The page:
Senate Commerce Committee hearing advances the debate on all fronts
WASHINGTON — June 29, 2011 —
The Business Software Alliance (BSA) today called on Congress to pass legislation that bolsters individual privacy and enhances data security practices while also encouraging business and technology innovation. BSA’s comments came as the Senate Commerce, Science & Transportation Committee held a hearing to examine how organizations collect, maintain, secure, and use personal information in today’s economy and whether consumers are adequately protected under current law.
Committee Member Mark Pryor (D-Ark.) and Chairman Jay Rockefeller (D-W.Va.) recently introduced the Data Security and Breach Notification Act (S. 1207), and Committee Member John Kerry (D-Mass.) has partnered with Sen. John McCain (R-Ariz.) to introduce the Commercial Privacy Bill of Rights Act (S.799).
“Privacy and security are the twin pillars undergirding public trust and confidence in online commerce — and there is important work to be done in both areas,” said BSA President and CEO Robert Holleyman. “Senator Pryor and Chairman Rockefeller have made an important contribution to the debate by driving the emerging consensus that now is the time to enact data-security and breach legislation. Their bill gets all the big things right — requiring organizations that hold consumers’ personal data to protect it with reasonable security measures, creating market incentives to deploy strong security, and requiring consumers to be promptly notified when a breach puts them at risk of material harm. BSA looks forward to working with them as the legislative process moves forward.”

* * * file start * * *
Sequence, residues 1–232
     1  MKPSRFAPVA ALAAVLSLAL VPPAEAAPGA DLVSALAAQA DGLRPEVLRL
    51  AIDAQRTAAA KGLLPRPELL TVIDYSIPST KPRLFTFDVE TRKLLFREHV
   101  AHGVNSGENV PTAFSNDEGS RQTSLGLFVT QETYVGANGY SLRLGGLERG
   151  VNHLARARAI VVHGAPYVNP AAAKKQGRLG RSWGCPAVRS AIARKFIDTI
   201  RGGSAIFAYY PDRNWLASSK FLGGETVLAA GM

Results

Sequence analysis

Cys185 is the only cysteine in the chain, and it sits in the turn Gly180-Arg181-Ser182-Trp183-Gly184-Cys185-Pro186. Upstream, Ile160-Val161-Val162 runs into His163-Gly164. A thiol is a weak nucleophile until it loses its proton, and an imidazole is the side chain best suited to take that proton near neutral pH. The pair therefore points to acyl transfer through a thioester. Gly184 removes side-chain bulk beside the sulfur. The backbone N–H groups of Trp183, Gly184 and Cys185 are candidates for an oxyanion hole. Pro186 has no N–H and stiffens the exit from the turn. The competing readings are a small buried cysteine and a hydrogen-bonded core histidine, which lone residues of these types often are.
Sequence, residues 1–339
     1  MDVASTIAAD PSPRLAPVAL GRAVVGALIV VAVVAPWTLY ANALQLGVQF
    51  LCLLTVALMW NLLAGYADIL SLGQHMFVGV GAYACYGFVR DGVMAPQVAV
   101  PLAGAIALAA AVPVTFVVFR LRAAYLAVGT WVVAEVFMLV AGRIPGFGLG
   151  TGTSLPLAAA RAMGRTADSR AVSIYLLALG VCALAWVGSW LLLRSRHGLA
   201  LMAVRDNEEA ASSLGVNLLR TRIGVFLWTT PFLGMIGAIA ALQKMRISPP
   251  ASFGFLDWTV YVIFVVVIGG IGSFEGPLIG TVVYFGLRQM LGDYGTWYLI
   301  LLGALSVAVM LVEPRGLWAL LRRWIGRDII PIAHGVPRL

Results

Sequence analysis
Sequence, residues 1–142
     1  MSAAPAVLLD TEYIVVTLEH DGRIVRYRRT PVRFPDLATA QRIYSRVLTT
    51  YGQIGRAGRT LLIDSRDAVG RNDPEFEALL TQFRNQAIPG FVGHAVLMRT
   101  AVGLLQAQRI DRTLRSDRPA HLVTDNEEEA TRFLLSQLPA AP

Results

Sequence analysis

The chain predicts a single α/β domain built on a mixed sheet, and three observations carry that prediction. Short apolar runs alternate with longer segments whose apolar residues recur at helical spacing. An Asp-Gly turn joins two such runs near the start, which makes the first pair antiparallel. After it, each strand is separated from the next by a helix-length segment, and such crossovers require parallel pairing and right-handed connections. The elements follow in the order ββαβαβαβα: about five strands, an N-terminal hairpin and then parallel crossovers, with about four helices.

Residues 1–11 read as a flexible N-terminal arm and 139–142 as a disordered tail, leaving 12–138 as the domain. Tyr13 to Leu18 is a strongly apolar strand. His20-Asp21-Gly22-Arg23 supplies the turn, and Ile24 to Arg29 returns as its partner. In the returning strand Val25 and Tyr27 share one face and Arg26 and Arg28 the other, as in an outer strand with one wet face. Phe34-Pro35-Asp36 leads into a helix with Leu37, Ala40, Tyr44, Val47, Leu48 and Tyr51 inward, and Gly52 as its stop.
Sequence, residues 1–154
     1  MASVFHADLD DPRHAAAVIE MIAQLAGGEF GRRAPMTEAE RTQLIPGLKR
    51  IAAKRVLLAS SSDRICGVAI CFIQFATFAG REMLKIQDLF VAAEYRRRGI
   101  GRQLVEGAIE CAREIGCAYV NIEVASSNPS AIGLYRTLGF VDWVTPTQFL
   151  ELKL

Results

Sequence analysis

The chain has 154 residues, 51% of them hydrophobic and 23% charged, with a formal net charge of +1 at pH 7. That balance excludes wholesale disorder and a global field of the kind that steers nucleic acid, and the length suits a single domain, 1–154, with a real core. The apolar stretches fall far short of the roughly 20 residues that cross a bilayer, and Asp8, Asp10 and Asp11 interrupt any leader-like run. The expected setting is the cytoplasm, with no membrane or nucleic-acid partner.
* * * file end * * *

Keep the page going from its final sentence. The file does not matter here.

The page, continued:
“Senators Kerry and McCain have done a tremendous amount to advance the privacy debate with their bill,” Holleyman continued. “It strikes an important balance by helping companies protect consumers’ personal information while still encouraging business and technology innovation. It ensures that regulation will not stall the growth of the Internet economy by giving companies the freedom to establish appropriate and robust self-regulatory programs. The bill also allows companies to concentrate on areas in which they have the greatest expertise. Finally, the legislation’s technology-neutral approach will allow for continued innovation while avoiding impediments and unintended consequences on technology development.”
“There are a number of important details still to be worked through in the Kerry-McCain bill,” Holleyman said. “But it is the most comprehensive privacy proposal to be developed and BSA strongly supports using it as the basis for continued discussion.”
The Business Software Alliance (www.bsa.org) is the leading global advocate for the software industry. It is an association of nearly 100 world-class companies that invest billions of dollars annually to create software solutions that spark the economy and improve modern life. Through international government relations, intellectual property enforcement and educational activities, BSA expands the horizons of the digital world and builds trust and confidence in the new technologies driving it forward.
Jordan Lubowitz, 202-326-1776